Installation with 27 clocks, high glass aluminium with LED lights, four flat screen monitors, video and audio looped, dimensions variable
Frith Street Gallery, London (2009)
Escapement invokes clockwork, emotions, geography, fantasy and time zones to ask what is contemporaneity – what does it mean to be living in these times, in these quickening hours, these accumulating minutes, these multiplying seconds, here, now?
Escapement is a horological, or clockmaking term. It denotes the mechanism in mechanical watches and clocks that governs the regular motion of the hands through a ‘catch and release’ device that both releases and restrains the levers that move the hands for hours, minutes and seconds. Like the catch and release of the valves of the heart, allowing for the flow of blood between the chambers of the heart, which sets up the basic rhythm of life, the escapement of a watch, regulates our sense of the flow of time. The continued pulsation of our hearts, and the ticking of a clock, denote our liberty from an eternal present.
With each heartbeat, with each passing second, they mark here and now, promise the future and remember the resonance of heartbeat that just ended. It is our heart that tells us that we live in time.
Time girds the earth tight. Day after day, the hours, astride minutes and seconds, ride as they must, relentlessly. In the struggle to keep pace with clocks we are now everywhere and always in a state of jet lag, catching up with ourselves and with others, slightly short of breath, slightly short of time. Escape, when possible, is up a hatch and down a corridor between, and occasionally beyond, longitudes, to places where the hours chime epiphanies.
The installation invokes clockwork, emotions, geography, fantasy and time zones. Each clock face has twelve words that describe emotions, or states of being where we would normally expect the hours to be. When its a quarter past twelve, these clocks would read – ‘guilt past epiphany’. Twenty-four of the twenty-seven clocks mark the time of different cities – Liverpool, Baghdad, Delhi, Sao Paulo, Tokyo, Johannesburg and eighteen other locations. Three clocks tagged to three imaginary cities – Babel, Shangrila and Macondo – run backwards mirroring real time. The video screens show the face of an androgynous, ageless person, transiting between the hours, listening to heartbeats and other rhythmic and arrythmic sounds.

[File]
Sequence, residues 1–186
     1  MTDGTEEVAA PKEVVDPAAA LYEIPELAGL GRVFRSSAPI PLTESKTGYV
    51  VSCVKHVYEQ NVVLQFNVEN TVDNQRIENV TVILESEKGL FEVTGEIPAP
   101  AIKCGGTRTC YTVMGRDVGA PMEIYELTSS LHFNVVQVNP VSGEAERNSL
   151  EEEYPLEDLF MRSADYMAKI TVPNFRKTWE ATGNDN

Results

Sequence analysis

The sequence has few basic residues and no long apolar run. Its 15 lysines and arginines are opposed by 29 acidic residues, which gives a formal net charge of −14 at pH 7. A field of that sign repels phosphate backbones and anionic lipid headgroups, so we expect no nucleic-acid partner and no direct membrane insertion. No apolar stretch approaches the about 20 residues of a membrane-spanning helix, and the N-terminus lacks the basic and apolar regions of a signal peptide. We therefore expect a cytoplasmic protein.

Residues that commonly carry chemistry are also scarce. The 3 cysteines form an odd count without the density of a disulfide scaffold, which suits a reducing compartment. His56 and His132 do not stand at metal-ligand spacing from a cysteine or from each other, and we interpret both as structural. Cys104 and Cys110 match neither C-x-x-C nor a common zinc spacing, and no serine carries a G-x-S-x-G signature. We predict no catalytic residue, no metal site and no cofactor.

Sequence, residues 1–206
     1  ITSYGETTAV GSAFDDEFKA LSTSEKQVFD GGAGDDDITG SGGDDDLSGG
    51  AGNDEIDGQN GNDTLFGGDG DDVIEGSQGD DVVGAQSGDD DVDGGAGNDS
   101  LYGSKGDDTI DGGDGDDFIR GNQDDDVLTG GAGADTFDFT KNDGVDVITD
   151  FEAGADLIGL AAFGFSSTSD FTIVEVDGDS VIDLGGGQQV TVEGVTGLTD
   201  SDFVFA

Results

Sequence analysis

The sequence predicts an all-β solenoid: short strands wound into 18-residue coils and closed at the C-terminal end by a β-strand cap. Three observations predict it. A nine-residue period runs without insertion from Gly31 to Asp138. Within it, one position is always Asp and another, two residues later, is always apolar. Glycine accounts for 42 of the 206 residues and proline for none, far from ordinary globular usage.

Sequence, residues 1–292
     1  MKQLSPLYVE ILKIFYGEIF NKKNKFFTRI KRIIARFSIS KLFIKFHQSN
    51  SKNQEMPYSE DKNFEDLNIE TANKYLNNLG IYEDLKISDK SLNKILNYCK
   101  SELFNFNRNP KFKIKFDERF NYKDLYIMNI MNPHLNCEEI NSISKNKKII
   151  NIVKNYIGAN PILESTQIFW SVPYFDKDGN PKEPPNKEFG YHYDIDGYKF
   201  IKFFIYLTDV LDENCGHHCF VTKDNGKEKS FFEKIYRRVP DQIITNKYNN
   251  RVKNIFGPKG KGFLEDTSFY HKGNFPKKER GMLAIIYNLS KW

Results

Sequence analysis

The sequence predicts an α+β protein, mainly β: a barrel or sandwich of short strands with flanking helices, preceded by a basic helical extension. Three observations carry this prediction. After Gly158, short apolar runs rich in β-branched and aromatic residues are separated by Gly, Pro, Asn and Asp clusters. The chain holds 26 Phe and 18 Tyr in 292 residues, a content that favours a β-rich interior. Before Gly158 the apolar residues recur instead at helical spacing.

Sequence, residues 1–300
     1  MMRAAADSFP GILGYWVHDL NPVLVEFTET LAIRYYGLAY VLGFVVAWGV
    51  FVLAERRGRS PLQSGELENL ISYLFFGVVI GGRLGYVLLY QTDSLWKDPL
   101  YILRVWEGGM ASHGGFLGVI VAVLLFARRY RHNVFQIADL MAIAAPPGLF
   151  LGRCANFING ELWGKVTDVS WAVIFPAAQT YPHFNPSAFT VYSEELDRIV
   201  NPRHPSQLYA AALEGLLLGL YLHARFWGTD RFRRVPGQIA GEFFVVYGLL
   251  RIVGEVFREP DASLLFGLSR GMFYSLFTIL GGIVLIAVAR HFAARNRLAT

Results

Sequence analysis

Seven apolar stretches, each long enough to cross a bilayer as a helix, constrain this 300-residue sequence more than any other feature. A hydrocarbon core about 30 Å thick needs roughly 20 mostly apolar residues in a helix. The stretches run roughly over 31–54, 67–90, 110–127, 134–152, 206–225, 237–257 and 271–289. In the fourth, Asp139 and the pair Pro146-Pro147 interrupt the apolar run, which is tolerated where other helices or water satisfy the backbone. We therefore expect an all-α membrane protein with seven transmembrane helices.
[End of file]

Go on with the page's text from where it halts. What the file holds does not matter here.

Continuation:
One Four Four Zero
Acrylic glass tubes in circular acrylic housing, 15 x 64 cm diameter
Frith Street Gallery, London (2009)
One thousand four hundred and forty crystal perspex tubes, some square, some circular, some hexagonal, sit tightly packed in what looks like an transparent empty clock set on a plinth. Each handcrafted perspex tube suggests the slot each minute takes up in the course of a day. Together, their jagged profiles add up to the suggestion of a dense urban skyline, a crystalline Hong Kong grafted on to Manhattan or Sao Paulo in somebody’s lucid dream. They are reminiscent of a cross section of the retina, crowded with the photoreceptor rods and cones that carry light signals from the eye to the brain. Deep within the recesses of the brain, the pineal gland reads the light that comes in and transduces light to synthesize and secrete melatonin, the hormone that communicates a sense of ambient time to the body. Sometimes, the conditions that people are compelled to inhabit – prolonged stretches of distortion in ambient light levels, irregularities in sleep and wakefulness, induced by transcontinental flights, overwork, pharmaceuticals or torture – lead to distortions in the somatic sense of time. Then, time is really out of joint, under our skins, in our bones.